Embo, KwaZulu Natal
Embo is an “informal settlement” in KwaZulu Natal, South Africa with a population of 37,000 people. HIV incidence is shockingly high among 15 to 50 year olds. Yet there is no doctor. The Health Authority is overwhelmed. Indeed, until a local church – with MAI’s help – got stuck in, people with HIV had little by way of help and hope.
Embo Community Church began a home care giving programme which MAI has been supporting since 2008/9. Trained local volunteers are paid a stipend and are overseen by a qualified nurse with MAI funding for a driver, vehicle and consumables. In an average month, the Caregivers care for over 50 patients and their families bringing comfort and hope as well as practical support such as oversight of medication, bed making and advice on hygiene, sexual health and diet.
While this was a welcome initiative, MAI discovered that many people who had been referred by these Caregivers to a distant Clinic to discover their status frequently defaulted on their medication. Sometimes this was a failure to understand the need to continue the antiretrovirals even when feeling better. But primarily it was due to the challenge of having the energy or funds to make the arduous journey to the Bothas Hill Clinic which was not directly accessible from Embo.
As a result, in 2014, MAI fully funded a Clinic building for Embo which is helping to transform the health outcomes in the valley. The church is a fully recognised private healthcare provider with the Clinic running costs met be the KwaZulu Health Authority. Now in a typical month there are over 3,000 appointments, including hundreds of children who, without the Clinic existing, would never have received life-saving vaccinations. Most exciting of all, whereas the church used to hold two or three funerals a week in 2009, in 2017 there were only 3 deaths among the clients supported by this programme – more than 200!
In average month, we have found that 87% of the Caregivers’ clients are stable or improving. 60% of the clients will have committed to attend a self help group established by the church to improve the mental health of clients through shared stories and overcoming the stigma that still exists in the community.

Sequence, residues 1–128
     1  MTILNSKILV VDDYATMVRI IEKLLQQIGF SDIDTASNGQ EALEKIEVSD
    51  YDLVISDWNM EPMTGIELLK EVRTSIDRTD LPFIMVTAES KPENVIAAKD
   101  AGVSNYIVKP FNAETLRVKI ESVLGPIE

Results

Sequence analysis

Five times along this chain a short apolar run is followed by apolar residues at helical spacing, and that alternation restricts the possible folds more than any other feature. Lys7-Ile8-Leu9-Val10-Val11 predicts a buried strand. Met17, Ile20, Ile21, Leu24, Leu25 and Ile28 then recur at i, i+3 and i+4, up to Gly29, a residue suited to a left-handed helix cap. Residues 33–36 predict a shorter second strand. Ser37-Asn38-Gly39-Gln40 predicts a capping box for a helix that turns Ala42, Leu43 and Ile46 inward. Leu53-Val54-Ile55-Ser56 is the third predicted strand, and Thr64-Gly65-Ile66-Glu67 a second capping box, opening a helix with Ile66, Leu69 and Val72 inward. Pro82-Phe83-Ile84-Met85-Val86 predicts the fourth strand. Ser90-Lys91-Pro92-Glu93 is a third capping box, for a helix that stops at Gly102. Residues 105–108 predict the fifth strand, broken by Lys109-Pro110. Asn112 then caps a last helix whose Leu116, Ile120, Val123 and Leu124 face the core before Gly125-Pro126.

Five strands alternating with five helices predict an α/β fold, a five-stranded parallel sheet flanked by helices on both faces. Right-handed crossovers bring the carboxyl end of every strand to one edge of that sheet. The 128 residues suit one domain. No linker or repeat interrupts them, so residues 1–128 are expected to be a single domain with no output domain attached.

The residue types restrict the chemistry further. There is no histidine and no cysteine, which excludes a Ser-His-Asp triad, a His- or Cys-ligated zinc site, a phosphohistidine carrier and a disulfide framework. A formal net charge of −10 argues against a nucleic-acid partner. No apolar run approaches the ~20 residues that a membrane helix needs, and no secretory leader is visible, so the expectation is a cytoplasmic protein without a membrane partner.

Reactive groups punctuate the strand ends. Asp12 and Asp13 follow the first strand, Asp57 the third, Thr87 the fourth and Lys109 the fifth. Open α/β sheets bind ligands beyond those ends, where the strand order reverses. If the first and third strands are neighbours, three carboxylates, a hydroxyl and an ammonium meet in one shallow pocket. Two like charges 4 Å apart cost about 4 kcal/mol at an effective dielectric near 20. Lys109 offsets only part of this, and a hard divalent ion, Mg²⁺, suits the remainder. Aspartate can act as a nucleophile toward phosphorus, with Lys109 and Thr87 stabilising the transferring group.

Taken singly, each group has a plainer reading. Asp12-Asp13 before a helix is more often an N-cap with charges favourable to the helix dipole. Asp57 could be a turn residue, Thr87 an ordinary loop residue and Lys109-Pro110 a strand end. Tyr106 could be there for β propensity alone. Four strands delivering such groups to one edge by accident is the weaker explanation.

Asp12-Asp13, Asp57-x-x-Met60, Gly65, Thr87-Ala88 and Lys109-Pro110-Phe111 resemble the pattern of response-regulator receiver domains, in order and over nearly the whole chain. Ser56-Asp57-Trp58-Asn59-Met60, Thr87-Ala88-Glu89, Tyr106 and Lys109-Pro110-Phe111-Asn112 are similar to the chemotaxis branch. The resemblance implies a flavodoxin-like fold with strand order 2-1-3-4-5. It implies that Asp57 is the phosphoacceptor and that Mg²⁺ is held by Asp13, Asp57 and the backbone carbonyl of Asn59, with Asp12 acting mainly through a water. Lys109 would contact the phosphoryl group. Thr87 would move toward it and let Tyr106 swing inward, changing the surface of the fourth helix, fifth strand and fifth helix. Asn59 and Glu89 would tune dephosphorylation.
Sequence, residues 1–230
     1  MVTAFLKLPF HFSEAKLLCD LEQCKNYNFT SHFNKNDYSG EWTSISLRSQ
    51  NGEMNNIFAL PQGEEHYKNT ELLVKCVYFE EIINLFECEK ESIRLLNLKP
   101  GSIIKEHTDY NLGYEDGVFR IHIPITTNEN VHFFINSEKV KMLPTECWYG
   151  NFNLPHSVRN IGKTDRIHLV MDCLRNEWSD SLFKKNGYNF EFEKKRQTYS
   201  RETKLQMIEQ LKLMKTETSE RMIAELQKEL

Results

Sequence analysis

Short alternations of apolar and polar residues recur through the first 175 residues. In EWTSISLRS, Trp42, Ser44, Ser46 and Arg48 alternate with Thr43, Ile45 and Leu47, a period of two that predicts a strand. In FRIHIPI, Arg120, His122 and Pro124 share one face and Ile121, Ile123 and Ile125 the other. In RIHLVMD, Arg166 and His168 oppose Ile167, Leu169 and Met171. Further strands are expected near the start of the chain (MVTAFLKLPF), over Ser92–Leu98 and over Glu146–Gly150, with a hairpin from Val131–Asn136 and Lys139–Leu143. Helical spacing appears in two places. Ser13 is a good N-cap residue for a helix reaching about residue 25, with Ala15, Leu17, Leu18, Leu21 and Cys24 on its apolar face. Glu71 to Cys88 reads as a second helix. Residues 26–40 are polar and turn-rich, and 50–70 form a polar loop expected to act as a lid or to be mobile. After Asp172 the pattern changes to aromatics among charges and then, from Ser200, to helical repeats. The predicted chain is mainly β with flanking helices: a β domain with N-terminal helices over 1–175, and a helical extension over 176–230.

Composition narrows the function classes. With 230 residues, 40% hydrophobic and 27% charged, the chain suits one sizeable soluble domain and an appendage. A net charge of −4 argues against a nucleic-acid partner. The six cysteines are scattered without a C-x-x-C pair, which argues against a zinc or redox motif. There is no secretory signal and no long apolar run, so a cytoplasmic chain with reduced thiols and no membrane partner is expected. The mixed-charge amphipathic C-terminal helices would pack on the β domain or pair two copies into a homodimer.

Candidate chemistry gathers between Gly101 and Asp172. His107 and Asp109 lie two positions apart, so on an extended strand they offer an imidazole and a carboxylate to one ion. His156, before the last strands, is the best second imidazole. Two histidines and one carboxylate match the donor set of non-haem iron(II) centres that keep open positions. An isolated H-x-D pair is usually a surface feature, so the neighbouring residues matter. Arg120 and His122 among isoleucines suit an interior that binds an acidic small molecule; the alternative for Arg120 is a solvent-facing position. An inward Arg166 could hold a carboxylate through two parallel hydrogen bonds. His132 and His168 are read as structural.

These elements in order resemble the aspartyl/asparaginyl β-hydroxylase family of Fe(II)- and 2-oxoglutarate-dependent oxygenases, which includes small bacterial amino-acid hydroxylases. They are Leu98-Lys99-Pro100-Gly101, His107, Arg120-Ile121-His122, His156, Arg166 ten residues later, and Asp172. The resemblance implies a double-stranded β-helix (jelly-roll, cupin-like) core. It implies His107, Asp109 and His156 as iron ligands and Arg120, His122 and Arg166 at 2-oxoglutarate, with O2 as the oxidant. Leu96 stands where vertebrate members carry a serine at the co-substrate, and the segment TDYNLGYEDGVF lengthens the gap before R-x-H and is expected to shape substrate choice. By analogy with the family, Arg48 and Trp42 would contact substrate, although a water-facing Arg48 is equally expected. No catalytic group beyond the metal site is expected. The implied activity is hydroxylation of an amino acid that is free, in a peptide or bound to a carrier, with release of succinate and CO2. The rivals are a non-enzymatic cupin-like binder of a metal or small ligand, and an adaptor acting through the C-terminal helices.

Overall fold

Shortly after the Clinic was built, the Health Authority introduced new regulations requiring separate entrances and consultation rooms for TB sufferers. This is designed to prevent cross-contamination, both for clients and staff. This is a significant need as TB is a frequent consequence of suffering with HIV. To meet these new requirements, MAI has enabled the church to complete an extension to the Clinic which will become fully operational in 2018.
Both the Clinic and the TB extension are completed capital projects, costing the charity £125,000 and £65,000 respectively. However, the Caregiving programme is an on-going cost to MAI and your support would be much appreciated as we await the development of local business activity to ensure sustainability into the future and avoiding dependency. Just £20 a month enables the support of a person suffering from HIV, including the Caregiver, transport and consumables.
Caregiver Lillian has worked with her for some years. She began when this single woman had come out of hospital with no one to care for her. She had been diagnosed with HIV at her antenatal check-up. She went into premature labour and the baby was stillborn. Because of her newly diagnosed condition, she was kept in hospital. Further tragedy occurred when her boyfriend was killed in a car accident. She became very depressed. That was when Lillian heard about her. Once the lady came home, Lilian began caring for her. Now, she is much better on her medication. She is so thrilled with the work of the Caregivers that now she volunteers to work alongside the MAI supported Caregivers and loves helping others who are sick. She is also keeping well enough to hold down a job at the supermarket, able to support herself while giving back to her community.
The visit of our South African Partner, Pastor Leonard Gcabashe, was a great occasion. Accompanying Leonard on the tour for the first was our new Executive Director, Steve Travis. The tour of England and Northern
Caroline writes: This man is a 41 year old male patient that the caregiving team currently supports. He shared some of his story with us and he has a very positive outlook on life that
We are very excited! As the latest image shows, the walls of the TB Clinic extension are up and the roof is on! Thanks to good weather, things have progressed well and are on track
The foundations of a new extension serving TB patients have been laid. Work will commence shortly on the walls and an order has been placed for the roof. MAI has been raising funds for this
Pastor Leonard Gcabashe who leads the Embo Community Church - our healthcare Partner in KwaZulu Natal - will be in the UK soon - from March 17 to April 2. These are Leonard's confirmed public
Our dear friend and Partner, Leonard Gcabashe, will be back in the UK in April. He will report on progress in healthcare provision in the valley of Embo and share the latest developments and opportunities.